July 1, 2009 — High doses, gadolinium-based MRI contrast agents alone are not sufficient to cause nephrogenic systemic fibrosis (NSF) in patients with kidney problems, according to a study performed at the Mayo Clinic Florida, Jacksonville, Fla.
Contrary to other research indicating NSF is caused by gadolinium-based contrast agents that are commonly used today during MR procedures, this new study, which is published in the June 2009 issue of the American Journal of Roentgenology, found contradicting evidence.
The study examined the records of 61 patients who had been given high doses — from two to 10 times the usual MRI dose. The patients were undergoing interventional procedures before there were any reports linking gadolinium to NSF. Just one of these patients, a 58-year-old diabetic man with end-stage kidney disease and significant blood vessel blockages, developed NSF.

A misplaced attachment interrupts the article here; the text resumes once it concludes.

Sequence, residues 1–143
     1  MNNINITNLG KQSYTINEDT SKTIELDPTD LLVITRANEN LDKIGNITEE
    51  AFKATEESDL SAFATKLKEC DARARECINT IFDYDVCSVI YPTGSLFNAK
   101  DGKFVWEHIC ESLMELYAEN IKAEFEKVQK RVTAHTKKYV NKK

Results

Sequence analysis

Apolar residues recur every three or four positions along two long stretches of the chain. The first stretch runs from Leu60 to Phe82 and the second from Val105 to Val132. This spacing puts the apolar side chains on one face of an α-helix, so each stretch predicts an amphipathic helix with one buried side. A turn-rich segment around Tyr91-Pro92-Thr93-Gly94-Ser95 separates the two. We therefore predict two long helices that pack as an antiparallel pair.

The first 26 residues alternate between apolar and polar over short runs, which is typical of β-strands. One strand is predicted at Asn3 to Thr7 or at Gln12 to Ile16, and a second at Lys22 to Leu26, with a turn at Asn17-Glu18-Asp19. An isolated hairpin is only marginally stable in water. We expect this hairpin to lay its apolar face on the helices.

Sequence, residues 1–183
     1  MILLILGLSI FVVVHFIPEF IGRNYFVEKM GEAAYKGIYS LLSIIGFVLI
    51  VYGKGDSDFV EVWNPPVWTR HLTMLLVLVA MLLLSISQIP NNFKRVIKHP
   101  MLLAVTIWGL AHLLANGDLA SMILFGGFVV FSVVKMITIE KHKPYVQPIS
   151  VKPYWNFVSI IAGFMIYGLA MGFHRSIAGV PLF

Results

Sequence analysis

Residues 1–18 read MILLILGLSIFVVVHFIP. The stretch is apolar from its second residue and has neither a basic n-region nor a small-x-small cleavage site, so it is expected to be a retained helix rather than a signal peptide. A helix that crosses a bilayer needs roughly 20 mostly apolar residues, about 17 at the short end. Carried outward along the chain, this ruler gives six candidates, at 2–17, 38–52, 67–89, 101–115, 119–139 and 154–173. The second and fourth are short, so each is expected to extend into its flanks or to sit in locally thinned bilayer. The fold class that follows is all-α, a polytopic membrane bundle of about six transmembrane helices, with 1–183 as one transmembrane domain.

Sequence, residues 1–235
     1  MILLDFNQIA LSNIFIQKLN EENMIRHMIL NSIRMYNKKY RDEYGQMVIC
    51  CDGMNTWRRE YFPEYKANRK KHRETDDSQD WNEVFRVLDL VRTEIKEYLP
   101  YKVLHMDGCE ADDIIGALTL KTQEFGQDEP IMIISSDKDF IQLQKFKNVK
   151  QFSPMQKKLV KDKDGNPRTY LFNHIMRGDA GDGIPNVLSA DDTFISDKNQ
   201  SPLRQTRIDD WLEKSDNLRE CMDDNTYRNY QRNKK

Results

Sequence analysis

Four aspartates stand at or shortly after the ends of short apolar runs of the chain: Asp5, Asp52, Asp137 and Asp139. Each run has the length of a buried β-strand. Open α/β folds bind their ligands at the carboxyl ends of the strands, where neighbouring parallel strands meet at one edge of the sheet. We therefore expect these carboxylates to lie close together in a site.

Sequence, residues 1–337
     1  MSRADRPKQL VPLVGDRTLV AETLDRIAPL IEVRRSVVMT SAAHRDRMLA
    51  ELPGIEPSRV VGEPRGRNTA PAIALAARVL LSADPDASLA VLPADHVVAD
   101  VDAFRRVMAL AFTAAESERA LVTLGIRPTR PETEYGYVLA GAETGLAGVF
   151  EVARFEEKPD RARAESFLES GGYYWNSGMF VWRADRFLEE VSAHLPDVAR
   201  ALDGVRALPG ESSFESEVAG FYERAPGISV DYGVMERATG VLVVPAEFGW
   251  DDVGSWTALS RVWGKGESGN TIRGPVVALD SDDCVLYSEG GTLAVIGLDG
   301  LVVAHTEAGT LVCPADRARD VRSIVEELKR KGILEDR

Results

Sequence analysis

The researchers concluded: “Although gadolinium exposure appears to be a necessary precondition for NSF, gadolinium-based contrast agents alone are not sufficient to cause the disorder, even in very high doses. Clinically relevant nephrotoxicity of gadolinium-based contrast agents was not found.”
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